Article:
Chivalry: a code to live by or ‘benevolent sexism’?

Think of Chivalry, and this image may spring to mind

The code of chivalry was the code to which knights held themselves accountable during the medieval ages. in this day and age the word is often used to describe gentlemanly behavior towards women in general and is seen as a desirable trait for a man to have but is that still the case?

Think of Chivalry, and this image may spring to mind
Think of Chivalry, and this image may spring to mind

Researchers from the feminist Society for the Psychology of Women created a list of damaging acts which fall under the purview of ‘benevolent sexism’, such as: helping a woman to choose the right computer, calling a group of both men and women “guys” and offering to do the driving on a long distance journey.
Even men who think they are expressing affection might be guilty – the scientists said calling a woman a “chick”, showering her with unwanted affection or saying that you cannot live without her could also be sexist.
The researchers who are based in Washington DC, said there were many acts of unnoticed sexism taking place every day through acts or comments that suggested women could not cope without men’s help.
They said the victims might be unaware of the damage but the acts were helping to create a culture of women being seen as the vulnerable sex and encouraging inequality and injustice.
The study concluded that both men and women were “not aware of the overall prevalence and extent of sexism in their personal lives”.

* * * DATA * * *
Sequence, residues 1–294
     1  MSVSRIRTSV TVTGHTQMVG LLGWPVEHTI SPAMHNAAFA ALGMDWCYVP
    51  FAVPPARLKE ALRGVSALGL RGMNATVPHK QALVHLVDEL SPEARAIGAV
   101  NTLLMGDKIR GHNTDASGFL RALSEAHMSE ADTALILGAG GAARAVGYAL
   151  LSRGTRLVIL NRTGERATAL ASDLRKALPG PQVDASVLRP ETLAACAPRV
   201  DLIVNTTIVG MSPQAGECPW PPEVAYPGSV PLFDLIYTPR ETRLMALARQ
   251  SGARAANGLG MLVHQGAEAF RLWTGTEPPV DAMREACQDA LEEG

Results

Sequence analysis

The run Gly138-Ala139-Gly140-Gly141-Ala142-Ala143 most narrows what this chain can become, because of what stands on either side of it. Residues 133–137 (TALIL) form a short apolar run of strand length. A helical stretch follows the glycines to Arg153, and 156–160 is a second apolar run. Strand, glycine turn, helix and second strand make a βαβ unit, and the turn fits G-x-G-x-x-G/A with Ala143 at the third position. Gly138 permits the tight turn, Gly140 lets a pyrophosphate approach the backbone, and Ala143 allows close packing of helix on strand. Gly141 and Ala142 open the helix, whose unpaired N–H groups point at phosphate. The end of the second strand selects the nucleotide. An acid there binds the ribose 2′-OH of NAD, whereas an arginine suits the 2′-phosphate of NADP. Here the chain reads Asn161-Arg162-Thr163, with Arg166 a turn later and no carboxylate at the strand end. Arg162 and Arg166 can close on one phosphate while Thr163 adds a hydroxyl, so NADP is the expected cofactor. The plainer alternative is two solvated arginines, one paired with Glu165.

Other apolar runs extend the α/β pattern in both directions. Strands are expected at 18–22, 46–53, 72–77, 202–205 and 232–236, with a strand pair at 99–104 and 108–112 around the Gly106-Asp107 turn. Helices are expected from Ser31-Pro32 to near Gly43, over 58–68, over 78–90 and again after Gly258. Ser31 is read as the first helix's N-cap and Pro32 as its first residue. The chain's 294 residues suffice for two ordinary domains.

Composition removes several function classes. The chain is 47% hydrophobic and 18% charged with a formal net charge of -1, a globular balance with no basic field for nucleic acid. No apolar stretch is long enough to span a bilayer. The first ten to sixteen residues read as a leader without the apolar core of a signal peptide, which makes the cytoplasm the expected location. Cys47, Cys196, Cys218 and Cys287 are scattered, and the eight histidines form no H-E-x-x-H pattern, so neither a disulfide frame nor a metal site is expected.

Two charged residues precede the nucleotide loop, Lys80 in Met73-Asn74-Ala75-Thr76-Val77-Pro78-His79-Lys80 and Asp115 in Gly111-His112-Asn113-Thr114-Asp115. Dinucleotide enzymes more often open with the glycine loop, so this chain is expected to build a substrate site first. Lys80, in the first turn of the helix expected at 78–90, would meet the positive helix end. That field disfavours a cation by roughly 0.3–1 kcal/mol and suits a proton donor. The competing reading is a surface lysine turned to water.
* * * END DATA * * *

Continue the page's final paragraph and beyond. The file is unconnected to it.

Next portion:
I like to think that this is not the case. the rise of the neo-feminism movement in recent years has been such that any attempt to dispute claims made by them are met with cries of ‘sexist’ or ‘misogynist’. this attitude unfortunately, serves not only to undermine any possibility of productive discourse but also serves to weaken their position. in any debate regardless of who is involved, if one side refuses to acknowledge any criticism of their points then it ceases to be a debate and becomes little more than a shouting match.

I put this point to you, my readers, the age of chivalry need not be dead. speaking only for myself, I was taught to treat women with respect at all times and to offer them assistance if I thought they might need it. Does that sound like sexism to you? benevolent or otherwise? surely we can move past what is and what isn’t sexist behavior and just start treating each other with respect and manners. imagine what the world would be like then.

About Lorcan Mullally 12 Articles
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